unsigned integer E' = E + 127.

Fig 20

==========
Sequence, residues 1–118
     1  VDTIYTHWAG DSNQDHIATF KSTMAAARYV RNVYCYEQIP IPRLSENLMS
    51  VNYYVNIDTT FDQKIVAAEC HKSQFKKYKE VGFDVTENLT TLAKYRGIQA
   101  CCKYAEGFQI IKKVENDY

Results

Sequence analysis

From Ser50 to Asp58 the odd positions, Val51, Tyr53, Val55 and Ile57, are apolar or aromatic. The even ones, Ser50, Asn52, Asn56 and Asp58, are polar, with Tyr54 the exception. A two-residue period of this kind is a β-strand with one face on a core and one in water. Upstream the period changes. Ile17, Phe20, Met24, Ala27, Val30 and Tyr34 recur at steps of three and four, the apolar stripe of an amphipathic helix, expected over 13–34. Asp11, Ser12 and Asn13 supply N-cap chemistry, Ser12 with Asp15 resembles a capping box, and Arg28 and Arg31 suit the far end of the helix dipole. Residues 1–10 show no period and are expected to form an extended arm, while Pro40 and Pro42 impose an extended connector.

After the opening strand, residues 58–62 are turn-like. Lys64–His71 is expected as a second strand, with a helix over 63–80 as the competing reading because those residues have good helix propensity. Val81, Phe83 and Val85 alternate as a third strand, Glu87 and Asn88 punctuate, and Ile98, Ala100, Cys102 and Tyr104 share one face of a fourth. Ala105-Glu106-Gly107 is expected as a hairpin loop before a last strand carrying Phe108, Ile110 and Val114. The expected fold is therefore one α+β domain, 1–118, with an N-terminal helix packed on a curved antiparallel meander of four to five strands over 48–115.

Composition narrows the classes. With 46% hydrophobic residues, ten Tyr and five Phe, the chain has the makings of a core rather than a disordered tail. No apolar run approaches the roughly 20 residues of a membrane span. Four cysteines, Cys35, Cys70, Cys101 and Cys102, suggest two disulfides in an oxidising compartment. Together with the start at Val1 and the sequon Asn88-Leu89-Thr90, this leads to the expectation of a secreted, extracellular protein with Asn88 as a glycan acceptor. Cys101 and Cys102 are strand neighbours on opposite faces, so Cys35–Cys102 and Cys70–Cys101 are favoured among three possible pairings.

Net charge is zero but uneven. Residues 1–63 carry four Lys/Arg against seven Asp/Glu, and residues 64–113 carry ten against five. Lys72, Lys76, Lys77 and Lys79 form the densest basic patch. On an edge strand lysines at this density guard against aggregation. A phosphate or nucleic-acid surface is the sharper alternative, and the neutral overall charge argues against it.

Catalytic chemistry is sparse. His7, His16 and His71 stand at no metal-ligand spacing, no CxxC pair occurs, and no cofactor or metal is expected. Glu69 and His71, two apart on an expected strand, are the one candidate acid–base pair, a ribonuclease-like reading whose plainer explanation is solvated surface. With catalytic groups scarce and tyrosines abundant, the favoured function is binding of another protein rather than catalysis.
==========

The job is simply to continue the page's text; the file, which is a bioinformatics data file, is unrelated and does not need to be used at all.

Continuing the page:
This is called the excess-127 format. Thus, E is in the range 0 E 255. The end values of this range, 0 and 255, are used to represent special values, as described below. Therefore, the range of E' for normal values is 1 E 254. This means that the actual exponent, E, is in the range -126 E 127. The excess-x representation for exponents enables efficient comparison of the relative sizes of two floating-point numbers. The last 23 bits represent the mantissa. Since binary normalization is used, the mo significant bit of the mantissa is always equal to 1. This bit is not explicitly represented: it is assumed to be to the immediate left of the binary point. Hence, the 23 bits stored in the M field actually represent the fractional part of the mantissa, that is, the bits stored the right of the binary point. An example of a single-precision floatingpoint number h shown in Figure 20. The 32-bit standard representation in Figure 20a is called a single-precision rep resentation because it occupies a single 32-bit word. The scale factor has a range of 2130